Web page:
OPINION: It's time for big changes in Offaly football - and not just the manager

Justin Kelly

Reporter:

Justin Kelly

Email:

justin.kelly@iconicnews.ie

Pat Flanagan to meet with club next week amid calls for his dismissal

The news of Pat Flanagan's removal as Offaly football manager didn't come as a great shock this week, but it raises more questions about the inner workings of Offaly GAA than anyone cares to answer. 

I was a supporter of a change in manager. Pat Flanagan has done a decent job in charge and had a serious eye on the younger panels, especially the 21s - a link between the levels that has to be welcomed. However, while he steadied the ship over the last three years, we still clung on to Division 3 football and had the shortest summer possible in the championship. 

Perhaps his approach in terms of tactics is too cautious to foster a sense of excitement among the fans, at least - I can't comment on the players. That may have led to the souring of sentiment towards his position and ultimately his axing by the county board on Tuesday.

However, you have to have sympathy for a man doing a job with one hand tied behind his back. The revelations on Thursday about the lack of support is troubling to say the least, and doesn't bode well for Pat's replacement either. If the likes of gym equipment, video systems and GPS tracking requested months ago don't arrive, and your long-term plan is scoffed out, what motivation do you have to keep trying? What hope of success do you really have?

It's not like asking for those things is above a manager's station; he's not asking for a team holiday to Barbados. He's looking for the basic tools to do the job of an inter-county manager. Don't think for a second that a manager in Galway, Kildare, or the bigger teams are in a similar situation. 

Even mentioning such inadequacies in the same breath as Dublin is laughable. For so long, people have moaned that we can't compete with the likes of the Dubs because they have psychologists and team dietitians, and every type of training aide you can think of. There's no mention of ourselves, at county board level, refusing to invest in a similar way in the absolute basics.

Then we go to Armagh and take a hiding, the players choose to drive themselves instead of taking a team bus, and Monday morning arrives and the blame is tied to the knocker of Pat Flanagan's door. It's easy to blame the visible figurehead of the team who faces the media and answers questions about tactics and so on.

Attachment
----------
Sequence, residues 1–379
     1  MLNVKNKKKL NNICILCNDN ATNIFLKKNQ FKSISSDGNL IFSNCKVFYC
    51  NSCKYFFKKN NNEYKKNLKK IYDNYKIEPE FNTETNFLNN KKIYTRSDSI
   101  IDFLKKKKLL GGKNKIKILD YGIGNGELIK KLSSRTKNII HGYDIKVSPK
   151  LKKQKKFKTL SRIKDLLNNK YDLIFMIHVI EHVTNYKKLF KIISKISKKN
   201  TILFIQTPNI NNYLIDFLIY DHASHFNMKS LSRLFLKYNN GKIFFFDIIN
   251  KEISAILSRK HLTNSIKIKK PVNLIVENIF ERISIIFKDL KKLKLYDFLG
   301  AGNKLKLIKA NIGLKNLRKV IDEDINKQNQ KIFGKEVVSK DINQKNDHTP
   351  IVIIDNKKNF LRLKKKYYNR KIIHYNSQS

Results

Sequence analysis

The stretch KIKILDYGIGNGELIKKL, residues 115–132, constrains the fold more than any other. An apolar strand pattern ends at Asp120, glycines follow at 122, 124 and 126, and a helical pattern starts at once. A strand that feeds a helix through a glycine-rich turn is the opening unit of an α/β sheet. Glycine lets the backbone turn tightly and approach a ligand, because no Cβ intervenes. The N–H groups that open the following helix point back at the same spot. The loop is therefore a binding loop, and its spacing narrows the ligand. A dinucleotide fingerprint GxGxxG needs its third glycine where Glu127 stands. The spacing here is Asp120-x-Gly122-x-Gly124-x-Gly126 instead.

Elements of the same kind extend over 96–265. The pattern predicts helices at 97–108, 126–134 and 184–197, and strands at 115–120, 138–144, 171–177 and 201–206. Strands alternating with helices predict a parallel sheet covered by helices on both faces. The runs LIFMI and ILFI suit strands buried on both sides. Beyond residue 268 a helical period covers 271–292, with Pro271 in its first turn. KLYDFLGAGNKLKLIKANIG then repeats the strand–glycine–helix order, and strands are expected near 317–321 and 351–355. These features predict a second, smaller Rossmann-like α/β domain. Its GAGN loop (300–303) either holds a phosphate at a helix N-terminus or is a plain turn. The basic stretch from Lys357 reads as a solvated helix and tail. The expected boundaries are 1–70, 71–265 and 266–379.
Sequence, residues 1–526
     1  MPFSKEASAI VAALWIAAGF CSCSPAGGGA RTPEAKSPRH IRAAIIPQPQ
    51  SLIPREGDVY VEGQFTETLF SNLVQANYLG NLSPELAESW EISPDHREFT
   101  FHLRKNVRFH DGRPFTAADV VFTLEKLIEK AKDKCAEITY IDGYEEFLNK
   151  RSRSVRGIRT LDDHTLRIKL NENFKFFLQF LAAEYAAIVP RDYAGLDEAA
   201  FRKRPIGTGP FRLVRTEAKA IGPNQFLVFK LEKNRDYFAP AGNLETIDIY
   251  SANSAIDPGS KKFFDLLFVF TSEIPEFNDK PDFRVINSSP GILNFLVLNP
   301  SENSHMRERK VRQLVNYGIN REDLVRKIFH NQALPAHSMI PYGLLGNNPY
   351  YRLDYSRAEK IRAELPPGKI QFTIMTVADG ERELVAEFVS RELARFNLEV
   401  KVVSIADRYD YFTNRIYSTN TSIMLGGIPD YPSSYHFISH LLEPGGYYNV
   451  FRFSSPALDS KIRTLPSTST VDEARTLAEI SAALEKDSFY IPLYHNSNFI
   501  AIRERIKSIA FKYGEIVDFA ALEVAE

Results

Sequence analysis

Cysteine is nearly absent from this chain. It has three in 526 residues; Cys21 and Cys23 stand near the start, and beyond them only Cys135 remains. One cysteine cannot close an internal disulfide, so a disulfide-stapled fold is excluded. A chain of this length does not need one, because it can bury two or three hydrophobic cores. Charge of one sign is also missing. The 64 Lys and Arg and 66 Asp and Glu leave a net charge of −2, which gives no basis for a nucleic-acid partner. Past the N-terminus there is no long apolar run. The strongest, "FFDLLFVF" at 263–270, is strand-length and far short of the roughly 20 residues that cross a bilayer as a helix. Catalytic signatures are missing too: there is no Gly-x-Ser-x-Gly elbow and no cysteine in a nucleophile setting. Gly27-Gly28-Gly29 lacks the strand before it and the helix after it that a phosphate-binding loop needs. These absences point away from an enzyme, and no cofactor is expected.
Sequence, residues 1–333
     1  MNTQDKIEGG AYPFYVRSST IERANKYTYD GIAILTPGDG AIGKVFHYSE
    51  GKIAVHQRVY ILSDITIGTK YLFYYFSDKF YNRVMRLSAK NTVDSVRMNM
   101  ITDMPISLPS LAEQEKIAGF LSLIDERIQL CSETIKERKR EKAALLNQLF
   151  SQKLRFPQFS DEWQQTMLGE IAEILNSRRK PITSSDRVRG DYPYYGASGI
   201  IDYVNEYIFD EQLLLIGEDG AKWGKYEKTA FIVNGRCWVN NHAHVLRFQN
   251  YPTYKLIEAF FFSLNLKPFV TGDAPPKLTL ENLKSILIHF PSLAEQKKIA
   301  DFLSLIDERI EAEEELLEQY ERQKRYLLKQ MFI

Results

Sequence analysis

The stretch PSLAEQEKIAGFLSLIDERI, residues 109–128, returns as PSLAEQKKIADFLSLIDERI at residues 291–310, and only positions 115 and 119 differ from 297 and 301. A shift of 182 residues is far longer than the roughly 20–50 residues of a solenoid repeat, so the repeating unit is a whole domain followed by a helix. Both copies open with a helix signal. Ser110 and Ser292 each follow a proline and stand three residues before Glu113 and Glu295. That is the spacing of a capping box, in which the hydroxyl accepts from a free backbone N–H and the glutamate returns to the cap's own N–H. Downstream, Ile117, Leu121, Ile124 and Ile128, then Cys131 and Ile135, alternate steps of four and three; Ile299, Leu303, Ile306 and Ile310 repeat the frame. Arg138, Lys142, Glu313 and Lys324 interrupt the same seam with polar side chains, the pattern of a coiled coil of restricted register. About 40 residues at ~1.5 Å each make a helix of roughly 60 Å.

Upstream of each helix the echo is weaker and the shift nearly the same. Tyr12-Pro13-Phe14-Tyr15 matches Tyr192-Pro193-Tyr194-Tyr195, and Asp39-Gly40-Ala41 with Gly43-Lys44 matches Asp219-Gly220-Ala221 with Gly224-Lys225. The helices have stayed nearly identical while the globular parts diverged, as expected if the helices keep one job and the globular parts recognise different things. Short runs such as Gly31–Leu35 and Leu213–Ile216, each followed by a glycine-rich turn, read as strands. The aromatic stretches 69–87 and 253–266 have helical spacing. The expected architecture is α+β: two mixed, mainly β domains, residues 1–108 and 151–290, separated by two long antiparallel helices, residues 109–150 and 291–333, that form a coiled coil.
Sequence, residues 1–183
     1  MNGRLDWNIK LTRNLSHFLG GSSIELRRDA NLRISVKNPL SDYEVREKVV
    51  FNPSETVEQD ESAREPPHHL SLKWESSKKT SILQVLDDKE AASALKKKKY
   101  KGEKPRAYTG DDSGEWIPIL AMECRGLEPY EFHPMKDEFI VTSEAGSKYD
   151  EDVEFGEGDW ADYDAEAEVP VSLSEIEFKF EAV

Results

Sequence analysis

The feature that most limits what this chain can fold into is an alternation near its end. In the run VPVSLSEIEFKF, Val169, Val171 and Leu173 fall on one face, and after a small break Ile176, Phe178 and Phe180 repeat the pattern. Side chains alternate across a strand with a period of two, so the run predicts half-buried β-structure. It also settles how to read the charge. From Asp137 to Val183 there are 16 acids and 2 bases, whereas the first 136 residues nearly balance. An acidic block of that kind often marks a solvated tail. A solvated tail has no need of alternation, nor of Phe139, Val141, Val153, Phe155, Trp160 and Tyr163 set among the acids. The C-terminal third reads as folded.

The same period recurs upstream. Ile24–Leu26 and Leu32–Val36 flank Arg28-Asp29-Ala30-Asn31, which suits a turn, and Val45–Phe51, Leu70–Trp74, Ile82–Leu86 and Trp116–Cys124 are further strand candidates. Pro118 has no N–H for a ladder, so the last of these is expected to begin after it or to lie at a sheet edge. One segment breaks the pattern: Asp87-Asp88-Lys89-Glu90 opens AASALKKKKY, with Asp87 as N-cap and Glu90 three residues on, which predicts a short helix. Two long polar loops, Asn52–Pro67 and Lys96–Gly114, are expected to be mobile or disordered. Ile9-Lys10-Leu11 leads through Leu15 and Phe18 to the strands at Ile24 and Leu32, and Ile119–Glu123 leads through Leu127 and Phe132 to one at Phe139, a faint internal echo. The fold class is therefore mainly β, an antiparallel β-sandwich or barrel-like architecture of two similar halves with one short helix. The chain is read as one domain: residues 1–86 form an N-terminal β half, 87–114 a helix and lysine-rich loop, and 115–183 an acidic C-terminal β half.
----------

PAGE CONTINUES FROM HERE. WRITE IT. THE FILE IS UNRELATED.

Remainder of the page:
But what about the behind the scenes inadequacies that have now come to our attention that are not far removed from situation like that Armagh defeat? How do you think a player feels when their county board doesn't believe in them enough to give them some backing, to give them the technology and amenities that might further their abilities? It's not even really about how they feel, it's about the fact that the lack of those things completely handicaps them - leads to heavy defeats - and demoralises a whole generation of Offaly players.

Attention now turns to a new manager. Some people want another local candidate, others a high-profile outsider who can bring about change and is not connected to the insular politics of the county board. Either way, they are similarly doomed given the approach by the board.

Pat Flanagan spoke of writing a long-term plan and vision for Offaly football, and we haven't seen that document, so cannot comment on its merit, but you can be guaranteed, given Pat's passion for the game, it was written with the county's best interests at heart. He said Tommy Byrne, the county board chairman reacted in "shock-horror" at the plan, and suggested Pat was trying to run the county board. 

That vision has unsurprisingly been shelved and nothing like it has ever seen the light of day. People in the county are pinning their hopes on the Faithful Fields project to help us catch up with teams in Division 1 and 2. That project was handled and pushed by a number of dedicated individuals, and really, what good is it if it's going to be filled with empty rooms?

Faithful Fields presents an opportunity, not a solution to the woes of football and hurling in the county. We have good young players here, as good as perhaps 70% of other counties. The way in which we break out of the "run of the mill" group is through investment - in young players on a continual basis. Don't abandon them in favour of the bottom line. Success will not magically appear.

With the right candidate for the new senior boss, those structures can be put in place, but first the county board has to listen, not just dictate. I won't hold my breath!

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